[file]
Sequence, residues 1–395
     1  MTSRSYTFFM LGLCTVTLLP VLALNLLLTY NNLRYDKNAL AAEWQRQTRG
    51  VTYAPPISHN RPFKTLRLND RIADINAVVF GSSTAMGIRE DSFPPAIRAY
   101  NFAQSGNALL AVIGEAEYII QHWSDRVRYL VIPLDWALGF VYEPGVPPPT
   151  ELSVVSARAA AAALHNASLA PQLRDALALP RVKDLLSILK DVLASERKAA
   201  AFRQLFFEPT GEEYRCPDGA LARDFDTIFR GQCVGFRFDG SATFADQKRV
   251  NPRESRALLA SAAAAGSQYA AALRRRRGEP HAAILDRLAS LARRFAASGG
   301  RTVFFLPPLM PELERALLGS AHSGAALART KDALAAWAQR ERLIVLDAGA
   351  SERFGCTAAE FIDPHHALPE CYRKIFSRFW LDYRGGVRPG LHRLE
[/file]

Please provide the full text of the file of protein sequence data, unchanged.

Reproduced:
Sequence, residues 1–395
     1  MTSRSYTFFM LGLCTVTLLP VLALNLLLTY NNLRYDKNAL AAEWQRQTRG
    51  VTYAPPISHN RPFKTLRLND RIADINAVVF GSSTAMGIRE DSFPPAIRAY
   101  NFAQSGNALL AVIGEAEYII QHWSDRVRYL VIPLDWALGF VYEPGVPPPT
   151  ELSVVSARAA AAALHNASLA PQLRDALALP RVKDLLSILK DVLASERKAA
   201  AFRQLFFEPT GEEYRCPDGA LARDFDTIFR GQCVGFRFDG SATFADQKRV
   251  NPRESRALLA SAAAAGSQYA AALRRRRGEP HAAILDRLAS LARRFAASGG
   301  RTVFFLPPLM PELERALLGS AHSGAALART KDALAAWAQR ERLIVLDAGA
   351  SERFGCTAAE FIDPHHALPE CYRKIFSRFW LDYRGGVRPG LHRLE